Thursday, February 10, 2011

Family Dogs as Therapy Dogs

This will probably be the last blog post of the "three-parter" that was inspired in my thought processes by reading the new and delightful little book, "Do Border Collies Dream of Sheep?"

My dogs are family dogs first and sheep dogs second. It's just a fact of life when you live in the 'burbs, and even though we work with sheep at least four or five times a week, and care for our own sheep in our little sheep co-op, they are still house dogs when we come home and wash off all that mud and gook. They live in and around the house and are first and foremost, my companions. The fact that two of the three can now work sheep respectably well and are useful stock dogs, is a huge bonus. But on some nights they can be found down at the park chasing tennis balls and socializing with our friends' JRTs and other breeds...and having a wonderful time just being dogs. They have brought me dear friends and fabulous experiences, and also were very important to our parents as well.

I don't think it's any secret that in the recent past we were care givers for elderly parents. Before the parents needed so much care, they were clearly very attached to our dogs. When Bid came to the household as a baby puppy he became The Little Prince and could do no wrong. But when Chief arrived, Bid had to scooch over a little bit because Chiefie won their hearts in a different way...Augie presided over the household like the elder statesman.

My dad went to exercise class several times a week, nearby at an adult retirement complex; he called it the "old ladies home" as if he were the youngster of the group in his late 80s--not! Anyway one evening I came home from work and noticed Dad squirming a bit. Finally he 'fessed up:

Dad: "I took Augie to the old ladies home today."

Me: "You did WHAT?"

Dad:" I took Augie to exercise class."

Me: (thinking quickly about law suits from the retirement facility about the dog in the class who was not certified TDI and wasn't even bathed recently, heck maybe not in months) "you took him to the building and took him inside?"

Dad: (squirming a little more ) "Well...yes..."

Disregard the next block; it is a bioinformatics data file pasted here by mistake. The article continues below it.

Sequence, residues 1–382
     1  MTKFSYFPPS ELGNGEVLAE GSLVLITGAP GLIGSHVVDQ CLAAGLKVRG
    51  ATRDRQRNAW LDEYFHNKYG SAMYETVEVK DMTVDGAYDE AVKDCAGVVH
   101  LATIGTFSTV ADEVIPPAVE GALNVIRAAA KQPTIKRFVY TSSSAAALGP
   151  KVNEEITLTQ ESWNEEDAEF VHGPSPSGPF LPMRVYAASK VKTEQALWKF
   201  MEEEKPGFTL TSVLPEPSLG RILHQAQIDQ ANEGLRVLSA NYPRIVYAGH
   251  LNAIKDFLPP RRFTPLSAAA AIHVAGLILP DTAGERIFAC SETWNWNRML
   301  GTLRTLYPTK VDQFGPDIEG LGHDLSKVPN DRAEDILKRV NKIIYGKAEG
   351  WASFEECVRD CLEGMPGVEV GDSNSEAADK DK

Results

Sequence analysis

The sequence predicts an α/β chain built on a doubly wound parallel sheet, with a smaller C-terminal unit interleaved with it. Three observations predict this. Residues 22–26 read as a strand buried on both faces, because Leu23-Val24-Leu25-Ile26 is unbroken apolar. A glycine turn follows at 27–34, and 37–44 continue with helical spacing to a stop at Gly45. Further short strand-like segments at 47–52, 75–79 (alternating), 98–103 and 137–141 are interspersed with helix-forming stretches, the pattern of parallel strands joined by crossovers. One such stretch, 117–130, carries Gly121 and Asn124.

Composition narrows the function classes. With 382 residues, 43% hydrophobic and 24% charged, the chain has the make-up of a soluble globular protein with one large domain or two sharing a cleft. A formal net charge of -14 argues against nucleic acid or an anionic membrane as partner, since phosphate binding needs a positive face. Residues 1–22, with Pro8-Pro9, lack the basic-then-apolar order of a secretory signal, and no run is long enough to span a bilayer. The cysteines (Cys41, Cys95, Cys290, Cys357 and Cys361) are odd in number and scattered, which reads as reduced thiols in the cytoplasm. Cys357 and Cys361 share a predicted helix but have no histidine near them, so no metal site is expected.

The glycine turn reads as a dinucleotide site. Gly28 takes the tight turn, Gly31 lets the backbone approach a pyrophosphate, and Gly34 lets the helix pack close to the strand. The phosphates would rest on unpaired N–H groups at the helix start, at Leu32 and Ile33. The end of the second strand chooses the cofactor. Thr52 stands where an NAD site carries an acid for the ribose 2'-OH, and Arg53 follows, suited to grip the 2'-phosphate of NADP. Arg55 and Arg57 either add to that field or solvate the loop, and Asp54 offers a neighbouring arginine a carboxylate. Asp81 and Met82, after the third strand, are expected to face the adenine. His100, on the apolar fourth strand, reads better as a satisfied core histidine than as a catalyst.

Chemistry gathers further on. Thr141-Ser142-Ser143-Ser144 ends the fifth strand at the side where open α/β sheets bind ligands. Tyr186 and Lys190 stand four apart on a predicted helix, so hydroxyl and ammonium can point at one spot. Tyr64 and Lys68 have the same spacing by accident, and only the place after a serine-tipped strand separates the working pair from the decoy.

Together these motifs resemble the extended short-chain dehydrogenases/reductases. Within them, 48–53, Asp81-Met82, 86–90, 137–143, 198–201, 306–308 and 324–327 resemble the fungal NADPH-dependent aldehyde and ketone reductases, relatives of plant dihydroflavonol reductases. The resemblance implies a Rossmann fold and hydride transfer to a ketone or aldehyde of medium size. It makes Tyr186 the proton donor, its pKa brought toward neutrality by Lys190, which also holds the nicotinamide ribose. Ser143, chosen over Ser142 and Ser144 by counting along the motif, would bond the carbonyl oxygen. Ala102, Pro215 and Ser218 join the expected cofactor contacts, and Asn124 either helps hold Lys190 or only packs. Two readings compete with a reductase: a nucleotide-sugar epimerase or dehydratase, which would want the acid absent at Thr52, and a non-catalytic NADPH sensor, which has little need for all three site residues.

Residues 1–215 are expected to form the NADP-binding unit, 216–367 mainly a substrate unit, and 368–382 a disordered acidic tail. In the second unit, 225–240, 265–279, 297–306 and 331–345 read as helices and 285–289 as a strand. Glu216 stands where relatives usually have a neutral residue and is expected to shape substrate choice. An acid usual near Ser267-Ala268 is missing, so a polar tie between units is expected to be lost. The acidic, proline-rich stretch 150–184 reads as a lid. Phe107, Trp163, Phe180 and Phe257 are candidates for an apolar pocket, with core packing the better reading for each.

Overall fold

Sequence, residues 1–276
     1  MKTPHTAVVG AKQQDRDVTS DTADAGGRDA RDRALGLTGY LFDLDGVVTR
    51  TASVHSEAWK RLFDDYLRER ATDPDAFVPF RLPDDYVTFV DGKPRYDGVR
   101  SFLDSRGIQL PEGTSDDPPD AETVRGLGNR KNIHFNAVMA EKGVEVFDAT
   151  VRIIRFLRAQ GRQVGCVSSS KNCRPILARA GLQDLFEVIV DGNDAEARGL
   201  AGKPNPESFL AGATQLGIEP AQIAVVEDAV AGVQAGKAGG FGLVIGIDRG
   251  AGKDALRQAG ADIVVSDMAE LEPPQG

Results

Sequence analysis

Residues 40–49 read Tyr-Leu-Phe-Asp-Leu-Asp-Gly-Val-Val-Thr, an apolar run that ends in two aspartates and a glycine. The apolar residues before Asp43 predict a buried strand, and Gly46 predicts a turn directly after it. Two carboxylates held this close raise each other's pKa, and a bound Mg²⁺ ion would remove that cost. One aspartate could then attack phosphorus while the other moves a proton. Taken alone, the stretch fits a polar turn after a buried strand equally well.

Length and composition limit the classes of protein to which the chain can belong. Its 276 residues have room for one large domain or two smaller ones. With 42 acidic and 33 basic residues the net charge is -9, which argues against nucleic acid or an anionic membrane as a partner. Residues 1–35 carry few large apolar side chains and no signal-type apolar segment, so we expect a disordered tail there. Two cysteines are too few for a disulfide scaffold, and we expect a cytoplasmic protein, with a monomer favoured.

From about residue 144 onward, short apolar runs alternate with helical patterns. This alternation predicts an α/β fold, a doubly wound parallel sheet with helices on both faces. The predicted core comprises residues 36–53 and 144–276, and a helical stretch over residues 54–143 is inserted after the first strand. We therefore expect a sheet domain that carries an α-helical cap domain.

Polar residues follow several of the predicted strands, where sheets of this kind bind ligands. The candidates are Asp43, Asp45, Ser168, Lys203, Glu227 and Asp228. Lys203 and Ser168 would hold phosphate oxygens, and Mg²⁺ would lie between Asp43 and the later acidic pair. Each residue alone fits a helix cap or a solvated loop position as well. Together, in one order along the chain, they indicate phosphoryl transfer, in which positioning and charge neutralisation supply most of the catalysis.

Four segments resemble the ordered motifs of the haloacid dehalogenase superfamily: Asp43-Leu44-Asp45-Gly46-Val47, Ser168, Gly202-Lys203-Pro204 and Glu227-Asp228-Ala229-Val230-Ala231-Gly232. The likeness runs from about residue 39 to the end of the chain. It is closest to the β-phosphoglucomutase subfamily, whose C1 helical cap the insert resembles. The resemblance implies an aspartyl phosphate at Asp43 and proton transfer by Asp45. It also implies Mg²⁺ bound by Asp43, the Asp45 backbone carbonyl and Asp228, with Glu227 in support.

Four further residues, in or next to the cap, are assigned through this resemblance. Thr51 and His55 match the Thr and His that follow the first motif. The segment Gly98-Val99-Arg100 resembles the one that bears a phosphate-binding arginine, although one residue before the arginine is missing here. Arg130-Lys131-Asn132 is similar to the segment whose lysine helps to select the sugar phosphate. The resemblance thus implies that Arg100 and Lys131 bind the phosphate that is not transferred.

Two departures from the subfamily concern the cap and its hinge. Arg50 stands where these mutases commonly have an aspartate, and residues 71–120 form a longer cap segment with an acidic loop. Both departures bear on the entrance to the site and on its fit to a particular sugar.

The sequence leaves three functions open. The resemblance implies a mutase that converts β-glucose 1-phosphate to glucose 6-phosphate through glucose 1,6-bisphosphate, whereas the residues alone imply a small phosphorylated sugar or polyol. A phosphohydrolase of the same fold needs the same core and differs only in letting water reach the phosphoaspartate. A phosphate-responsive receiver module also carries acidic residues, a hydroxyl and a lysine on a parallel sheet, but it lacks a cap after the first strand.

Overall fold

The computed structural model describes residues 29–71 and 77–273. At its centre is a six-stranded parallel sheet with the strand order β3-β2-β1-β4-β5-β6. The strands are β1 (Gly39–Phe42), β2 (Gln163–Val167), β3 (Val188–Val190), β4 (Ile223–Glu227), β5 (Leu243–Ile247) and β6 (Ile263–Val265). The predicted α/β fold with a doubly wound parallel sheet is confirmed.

Me: "Did you put his Halti on?"

Dad: "Oh yes, of course. He had the Halti on."

Dad was on a kick of wanting to take the dogs for a walk in the afternoons. He was very frail with a bad hip, and even though Augie was age 10 plus, he was still well, very strong. So I had insisted that Dad take only one dog (Augie) and that he put Augie's Halti on so that Augie couldn't pull him around. Little did I know that Dad would throw Augie into the back of the also-elderly Buick and haul him over to the retirement center to meet the old ladies. Actually it wouldn't have been any throwing at all. Just opening the door to the back seat of the Buick would have been plenty for Augie to hop in and go for a ride.

Dad: "I won't do it again. Unless I tell you beforehand of course."

Me: " But was he good?" (knowing the answer)

Dad: "Oh yes of course, and one of the old ladies really got to talking about a farm dog that she grew up with who looked just like him".

Me: (regretting what I was about to say) "OK you can take him again but tell me beforehand so I can bathe him. Therapy dogs are supposed to be bathed". (Thinking: Yeah and they are supposed to be approved and TDI certified, and all of that too!)

I think Dad took Augie back one more time then never took him again. The old ladies had enough to talk about with Dad about the beautiful black and white dog who had come to visit. And Dad would bring them pictures and brags about the dogs. It was enough. I breathed a sigh of relief. Augie had the heart of a lion but the finesse of a surgeon. Thank God.